Conservation Northwest

Conservation Northwest

The Conservation Connection

January 2018

Blanchard Saved · Cascade Crossroads · Winter Tracking · Fisher News · Lynx Delisting · Caribou Agreement

The vista from the top of Blanchard Mountain near Oyster Dome. The core of this forest will now be saved thanks to your support!

The vista from the top of Blanchard Mountain near Oyster Dome. The core of this forest will now be saved thanks to your support!

Funding for Blanchard Mountain passed in Capital Budget

Great news! The state legislature finally passed a Capital Budget this month, including full funding to save the core of Blanchard State Forest from logging. The iconic trails, forests and habitat around Oyster Dome, Lilly Lake and Samish Overlook will now be preserved for future generations.

While a few minor details still need to be worked out regarding this Trust Land Transfer exchange, plans are in place to do so through the Supplemental Capital Budget and the Washington State Department of Natural Resources.

Since the mid-2000s, we’ve been a leader in efforts to conserve this special place. Learn more about Blanchard Mountain at the link below.
LEARN MORE

 
A new poster for the Cascade Crossroads documentary! Look for more info on screenings soon. Graphic: Cascade Crossroads
A new poster for the Cascade Crossroads documentary! Look for more info on screenings soon.
Graphic: Cascade Crossroads

New film documents story behind I-90 wildlife crossings

Earlier this month we were proud to release a new film in coordination with the I-90 Wildlife Bridges Coalition and local filmmaker Ted Grudowski!

Cascade Crossroads is a 30-minute documentary chronicling the story unfolding over and under Interstate 90 just east of Snoqualmie Pass in Washington’s Cascade Mountains.

Here at the intersection of a major east-west transportation corridor and a crucial north-south wildlife migration corridor, a monumental project combining conservation, collaboration, and innovation led to the construction of North America’s largest wildlife crossings project in conjunction with major infrastructure improvements for motorists.
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Volunteers learn snow-tracking techniques from CNW staff and biologists near Snoqualmie Pass. Photo: Laurel Baum
Volunteers learn snow-tracking techniques from CNW staff and biologists near Snoqualmie Pass.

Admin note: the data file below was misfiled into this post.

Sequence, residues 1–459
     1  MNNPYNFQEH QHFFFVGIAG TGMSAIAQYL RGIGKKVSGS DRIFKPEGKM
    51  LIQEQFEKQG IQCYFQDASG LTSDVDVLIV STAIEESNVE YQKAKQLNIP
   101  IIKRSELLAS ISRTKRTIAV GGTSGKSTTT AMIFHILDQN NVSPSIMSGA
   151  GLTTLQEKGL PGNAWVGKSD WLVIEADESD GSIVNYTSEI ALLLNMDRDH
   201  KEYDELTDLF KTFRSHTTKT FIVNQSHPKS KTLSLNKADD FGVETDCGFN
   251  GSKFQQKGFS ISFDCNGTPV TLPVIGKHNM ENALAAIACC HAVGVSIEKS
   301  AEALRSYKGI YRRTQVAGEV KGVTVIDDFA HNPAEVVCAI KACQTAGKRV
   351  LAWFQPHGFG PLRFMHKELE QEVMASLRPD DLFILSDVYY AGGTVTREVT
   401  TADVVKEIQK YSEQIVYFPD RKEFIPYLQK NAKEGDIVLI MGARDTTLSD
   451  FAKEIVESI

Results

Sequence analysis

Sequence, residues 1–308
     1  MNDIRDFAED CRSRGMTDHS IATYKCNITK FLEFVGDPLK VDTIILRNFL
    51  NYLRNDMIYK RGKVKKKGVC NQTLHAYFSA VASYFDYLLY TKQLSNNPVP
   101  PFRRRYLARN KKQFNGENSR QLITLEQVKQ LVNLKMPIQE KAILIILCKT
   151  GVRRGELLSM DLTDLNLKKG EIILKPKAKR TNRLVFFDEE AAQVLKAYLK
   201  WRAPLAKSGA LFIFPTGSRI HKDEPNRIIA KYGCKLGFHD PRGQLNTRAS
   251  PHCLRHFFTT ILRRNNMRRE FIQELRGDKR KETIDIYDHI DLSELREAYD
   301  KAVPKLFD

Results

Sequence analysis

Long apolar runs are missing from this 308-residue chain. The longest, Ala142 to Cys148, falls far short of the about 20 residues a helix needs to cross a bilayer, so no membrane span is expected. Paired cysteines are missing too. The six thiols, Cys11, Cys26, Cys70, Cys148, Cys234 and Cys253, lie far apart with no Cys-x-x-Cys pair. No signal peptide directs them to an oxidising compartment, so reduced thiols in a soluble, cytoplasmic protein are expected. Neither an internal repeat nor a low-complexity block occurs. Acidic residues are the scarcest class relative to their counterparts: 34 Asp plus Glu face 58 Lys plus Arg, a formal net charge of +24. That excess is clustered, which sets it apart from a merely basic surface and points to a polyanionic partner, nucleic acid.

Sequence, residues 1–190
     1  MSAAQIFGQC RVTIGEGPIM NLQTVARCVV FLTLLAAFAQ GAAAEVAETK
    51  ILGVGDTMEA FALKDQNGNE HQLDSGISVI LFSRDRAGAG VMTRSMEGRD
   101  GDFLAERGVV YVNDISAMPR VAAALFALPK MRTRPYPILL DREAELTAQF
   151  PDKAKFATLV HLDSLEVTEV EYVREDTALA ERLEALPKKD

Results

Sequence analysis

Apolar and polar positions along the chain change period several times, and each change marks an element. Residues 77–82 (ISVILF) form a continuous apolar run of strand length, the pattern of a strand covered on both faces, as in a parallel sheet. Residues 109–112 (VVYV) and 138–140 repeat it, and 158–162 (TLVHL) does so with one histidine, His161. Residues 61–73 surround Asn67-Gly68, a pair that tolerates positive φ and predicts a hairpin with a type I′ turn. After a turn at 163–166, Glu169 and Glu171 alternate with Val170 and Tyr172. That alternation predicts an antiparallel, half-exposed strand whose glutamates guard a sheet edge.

Photo: Laurel Baum

Winter wildlife tracking season underway

Winter is here in the Cascade Mountains and our Citizen Wildlife Monitoring Project volunteer teams are out documenting wildlife along Interstate 90.

In addition to our annual remote camera field season, we conduct winter snowtracking transects along I-90 between Snoqualmie Pass and Easton. Monitoring for tracks, sign and other evidence of animal presence, this program acquires citizen-science data on wildlife movement to inform nearby wildlife crossing projects and other research.
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A fisher is released into snowy Mount Rainier National Park. Photo: Kevin Bacher / NPS
A fisher is released into snowy Mount Rainier National Park.
Photo: Kevin Bacher / NPS

Fisher recovery in the news

In 2002, we began a partnership with the Washington Department of Fish and Wildlife and the National Park Service to restore fishers to Washington. Since then, we've successfully reintroduced fishers to the Olympia Peninsula and Washington's South and Central Cascades!

This collaborative restoration effort made national news this month with stories on several NPR outlets as well as local multimedia features by EarthFix and Oregon Field Guide.

Next up for our fisher reintroduction project: the North Cascades.
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A Canada lynx, the rarest feline in the Pacific Northwest and a native species in need of protection. Photo: USFWS
A Canada lynx, the rarest feline in the Pacific Northwest and a native species in need of protection.
Photo: USFWS

Canada lynx need endangered species protections

Through a new species assessment, the Trump Administration and U.S. Fish and Wildlife Service recently announced their intentions to remove endangered species protections for Canada lynx. We're pushing back against this misguided proposal.

Lynx populations in Washington have declined since they were identified as a threatened species in 2000. And a significant amount of the habitat where they remain has been lost to large fires. Any decision that lynx no longer deserve federal protection is shameful, cavalier, and contrary to best available information. It’s clear that lynx are facing extinction threats and warrant federal wildlife protections!
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A mountain caribou cow peers between the trees in British Columbia’s Inland Temperate Rainforest. Photo: David Moskowitz
A mountain caribou cow peers between the trees in British Columbia’s Inland Temperate Rainforest.
Photo: David Moskowitz

Canadian mountain caribou agreement short on action

After decades of decline among southern British Columbia's mountain caribou populations, including the South Selkirks herd—the only ones that range into northeast Washington and northern Idaho—Canada and B.C. have come together to sign an agreement under the Canadian Species at Risk Act to protect and recover these threatened caribou.

While we've long worked to recover mountain caribou and protect their habitat and we welcome this agreement, the lack of concrete action outlined within it is concerning.

The agreement fails to protect sufficient critical habitat, and funding for proactive recovery work is notably absent. Frighteningly, the agreement may even allow some smaller herds of caribou to wink out instead of staving off this tragedy by undertaking and supporting directed recovery work, such as maternal pens.
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